My husband and I have been married for 17 years and have one child, a daughter. I am always the disciplinarian; my husband never enforces any rules. But what really bothers me is that now he spoils her. He regularly purchases expensive clothing and jewelry, drops a few hundred dollars on music she wants and spends even more on electronic equipment for her. He does this even when she is on restriction for grades or bad behavior. I have talked to him about this and he blows me off, saying that she is his only child. The problem is that she is now 15 and she disrespects me and my rules. I am at my wits end and my husband and I have fought so much about this, I am close to walking out. I also am frustrated because our relationship has gone to hell over the years and there is no romance left. What should I do?
Allow yourself to see the truth. Your husband’s refusal to work with you to craft consistent rules for your daughter, plus his denial of the need for a united front in parenting, feels like a betrayal. The result is a triangular relationship at home that places you at the apex as the identified problem.
But the deeper problem is that your husband is romancing your daughter instead of you. This tells her that the most important part of a loving relationship is securing gifts; that school is not her job, her job is keeping your husband happy; and that the concerns of older women are unimportant if she is getting what she wants. It’s as if your husband is subconsciously training your daughter to become a mistress—always competing with the wife, getting showered with gifts and facing none of the responsibilities inherent in communal life.
This is not a problem that you can solve on your own. If you suddenly confronted your husband and said he was teaching your daughter how to compete with older women for men and win, he would think you were nuts. The only way to change the situation is to get your family into therapy. If your husband won’t go, attend by yourself. If you can, get your daughter to join you. You must reclaim your relationship with her, for her sake and yours.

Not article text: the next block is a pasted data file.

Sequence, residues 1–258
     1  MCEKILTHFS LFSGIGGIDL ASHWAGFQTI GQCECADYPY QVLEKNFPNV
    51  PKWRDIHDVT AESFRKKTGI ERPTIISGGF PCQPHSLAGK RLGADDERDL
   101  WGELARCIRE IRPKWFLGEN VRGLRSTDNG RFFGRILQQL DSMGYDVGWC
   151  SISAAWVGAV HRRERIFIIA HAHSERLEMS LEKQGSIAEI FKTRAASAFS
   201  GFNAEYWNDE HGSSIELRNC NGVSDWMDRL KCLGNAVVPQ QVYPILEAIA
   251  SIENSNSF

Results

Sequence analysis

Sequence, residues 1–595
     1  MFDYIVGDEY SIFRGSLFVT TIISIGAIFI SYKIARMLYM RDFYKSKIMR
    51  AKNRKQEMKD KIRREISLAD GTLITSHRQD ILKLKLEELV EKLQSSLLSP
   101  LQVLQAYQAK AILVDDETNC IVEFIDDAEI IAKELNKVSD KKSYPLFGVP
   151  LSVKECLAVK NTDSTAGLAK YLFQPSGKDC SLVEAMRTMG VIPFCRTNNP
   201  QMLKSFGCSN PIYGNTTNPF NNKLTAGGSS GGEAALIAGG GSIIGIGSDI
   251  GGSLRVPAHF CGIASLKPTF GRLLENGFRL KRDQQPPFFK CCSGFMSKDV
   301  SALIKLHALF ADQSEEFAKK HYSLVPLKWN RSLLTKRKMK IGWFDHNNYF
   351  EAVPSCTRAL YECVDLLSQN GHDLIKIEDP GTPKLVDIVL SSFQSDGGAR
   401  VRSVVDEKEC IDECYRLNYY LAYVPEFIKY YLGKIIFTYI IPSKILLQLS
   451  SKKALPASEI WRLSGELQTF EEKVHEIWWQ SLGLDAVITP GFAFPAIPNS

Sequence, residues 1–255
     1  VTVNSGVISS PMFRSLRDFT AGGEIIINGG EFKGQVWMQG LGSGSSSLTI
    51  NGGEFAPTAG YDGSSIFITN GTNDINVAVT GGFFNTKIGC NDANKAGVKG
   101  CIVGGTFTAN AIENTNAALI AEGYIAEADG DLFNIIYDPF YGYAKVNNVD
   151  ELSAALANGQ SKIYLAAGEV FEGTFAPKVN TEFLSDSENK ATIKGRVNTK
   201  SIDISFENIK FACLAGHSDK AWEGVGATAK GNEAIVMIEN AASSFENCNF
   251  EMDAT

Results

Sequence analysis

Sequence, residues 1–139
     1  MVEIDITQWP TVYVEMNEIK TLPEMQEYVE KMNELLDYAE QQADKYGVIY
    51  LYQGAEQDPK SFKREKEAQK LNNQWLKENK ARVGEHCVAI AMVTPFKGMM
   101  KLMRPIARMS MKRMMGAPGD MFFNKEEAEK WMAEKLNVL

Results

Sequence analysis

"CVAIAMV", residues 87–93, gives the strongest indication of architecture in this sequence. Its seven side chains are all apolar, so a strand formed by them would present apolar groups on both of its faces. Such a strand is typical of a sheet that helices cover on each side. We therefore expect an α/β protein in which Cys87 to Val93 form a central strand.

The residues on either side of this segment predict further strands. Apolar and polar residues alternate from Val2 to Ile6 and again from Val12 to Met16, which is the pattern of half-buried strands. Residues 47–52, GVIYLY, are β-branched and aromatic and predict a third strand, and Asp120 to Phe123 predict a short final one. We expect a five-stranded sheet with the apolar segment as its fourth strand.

I’ve been dating a man I really like except for one big hurdle: He puts a lot of effort into maintaining relationships with his ex-girlfriends, and even dates that didn’t turn into girlfriends. He calls all of them friends although I’ve met a few and it’s clear to me that most of them are just waiting for an opening to be more. He thinks I’m crazy. Am I?
No, you just have an opinion that’s opposed by pop culture.
Here’s a simple guideline: friendship between hetero men and women is possible when there is no sexual attraction. If the pair is attracted to each other, flirting or fooling around, the sexual tension is distracting and it interferes with the stability of any existing romantic relationships. Actually, people who have trouble being faithful or giving themselves totally in romantic relationships are the ones who usually have “friends” that they flirt with and would have sex with if the situation arose. Those open doors keep them from fully committing in their primary relationships.
Keeping exes around who are auditioning for girlfriend is a way of shouting “I got baggage!” That said, let me make it clear that it is possible to be just friends with a former love interest. But if you’re flirting, hinting, getting physical, fantasizing or trying to get back together, you’re fooling yourself and trying to fleece others by calling yourself “friends.”